How I Came into Fatherhood.

Here’s a quick history of how my son, Finn, was shuffled onto this mortal coil.

It was 2005. My wife and I were talking about having a baby. Basically what that means was that she was yelling at me a whole lot and I was trying to stay calm.

What we decided, amidst talks of having children, was that we needed to move.  We were paying too much for the apartment that we were living at and we wanted to find some place cheaper and smaller. And that’s what we did: We went from ghetto living to trendy neighborhood as most young couples do in their mid-twenties.

In a poorly decided attempt to save money, and because I had the most flexibility in my work schedule, I decided that I would let our leases overlap so that we would have one month left in our ‘soon to be’ old place and one month all ready started in our new place. The idea behind this was for us to move into our new place at a leisurely pace.

I had a set work schedule and no other commitments so I would be doing most of the work by myself. I was ok with that because my wife was working full-time and going to school. She would be relied on for packing. No biggie.

What really happened was I did all of the moving except for two days. One of the days, I needed my brother to help me move the furniture and the other day my wife jumped in on the last big move. Prior to her jumping in at the last-minute, she yelled at me the entire month.

I couldn’t figure out what the problem was. I worked a full-time job. I was sociable when I was home, and I was moving us. On my own. Everything I did was wrong. Yes, I admit that I was a little unorganized when it came to unloading the van. I was by myself and everything was in the general area of where it needed to be.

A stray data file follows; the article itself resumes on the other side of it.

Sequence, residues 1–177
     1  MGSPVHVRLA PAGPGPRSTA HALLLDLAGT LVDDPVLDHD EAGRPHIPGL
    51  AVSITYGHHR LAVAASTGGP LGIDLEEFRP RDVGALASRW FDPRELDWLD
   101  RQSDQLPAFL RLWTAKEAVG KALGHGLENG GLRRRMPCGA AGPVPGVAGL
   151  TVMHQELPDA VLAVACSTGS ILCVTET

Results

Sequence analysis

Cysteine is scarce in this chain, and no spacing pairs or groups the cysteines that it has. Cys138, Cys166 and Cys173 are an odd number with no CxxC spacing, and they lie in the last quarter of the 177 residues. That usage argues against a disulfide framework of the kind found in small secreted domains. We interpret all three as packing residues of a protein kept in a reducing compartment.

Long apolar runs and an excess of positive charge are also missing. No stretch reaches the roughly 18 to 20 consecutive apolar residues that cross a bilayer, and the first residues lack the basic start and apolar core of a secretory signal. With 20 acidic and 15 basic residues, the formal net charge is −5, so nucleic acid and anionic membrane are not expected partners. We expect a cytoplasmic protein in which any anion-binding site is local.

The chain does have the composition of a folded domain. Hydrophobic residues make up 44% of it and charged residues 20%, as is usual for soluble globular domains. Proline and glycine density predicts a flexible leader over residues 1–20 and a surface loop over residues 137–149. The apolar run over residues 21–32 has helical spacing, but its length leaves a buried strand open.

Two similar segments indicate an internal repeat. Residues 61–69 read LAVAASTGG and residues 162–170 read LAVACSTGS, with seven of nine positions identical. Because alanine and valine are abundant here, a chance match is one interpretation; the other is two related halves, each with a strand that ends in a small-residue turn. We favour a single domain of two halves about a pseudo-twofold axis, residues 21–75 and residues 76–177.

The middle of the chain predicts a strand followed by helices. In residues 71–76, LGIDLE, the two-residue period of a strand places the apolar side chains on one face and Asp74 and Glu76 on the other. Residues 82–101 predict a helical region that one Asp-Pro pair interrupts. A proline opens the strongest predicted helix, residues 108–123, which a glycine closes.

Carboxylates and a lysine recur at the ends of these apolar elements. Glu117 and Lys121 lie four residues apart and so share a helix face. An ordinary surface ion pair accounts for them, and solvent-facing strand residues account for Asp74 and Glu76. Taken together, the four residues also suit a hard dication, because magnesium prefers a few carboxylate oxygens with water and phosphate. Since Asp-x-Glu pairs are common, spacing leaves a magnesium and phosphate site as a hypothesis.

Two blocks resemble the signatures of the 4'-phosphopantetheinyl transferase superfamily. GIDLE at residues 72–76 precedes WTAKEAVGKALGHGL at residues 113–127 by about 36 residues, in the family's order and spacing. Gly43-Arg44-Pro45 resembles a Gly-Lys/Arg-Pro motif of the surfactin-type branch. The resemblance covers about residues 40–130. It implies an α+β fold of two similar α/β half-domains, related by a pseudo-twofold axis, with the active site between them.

I couldn’t win.

All of this happened during the month of July. Eventually, August rolls around. It’s still ‘ain’t no fuckin’ way I’m wearin’ underwear today’ kind of hot. She’s still yelling. I try to get out of her what’s going on, and it’s a lot of generalizations and non sequiturs. I seriously start to question things. I get to the point of mentally preparing myself for going our separate ways.


Towards the end of August, I get a call from her while I was at work.


(her) “I got good news.”

(me) “ooook.”

(her) “I’m pregnant.”

I don’t remember what in the hell I said after that. I couldn’t talk very well. I couldn’t think. The only thing I could do was move. Everything was sooo clear to me right then.

The entire drive home from work, I kept thinking ‘She’s pregnant. That’s why she’s been acting like such a whack-bat. She’s pregnant.’

When I got home that night, we talked. About what, I don’t know. I was just happy that I knew what was going on.

The next nine months flew by.

Finn at age 3

(Yes, he’s under an umbrella in the house. But what the camera isn’t showing you is that he’s also naked).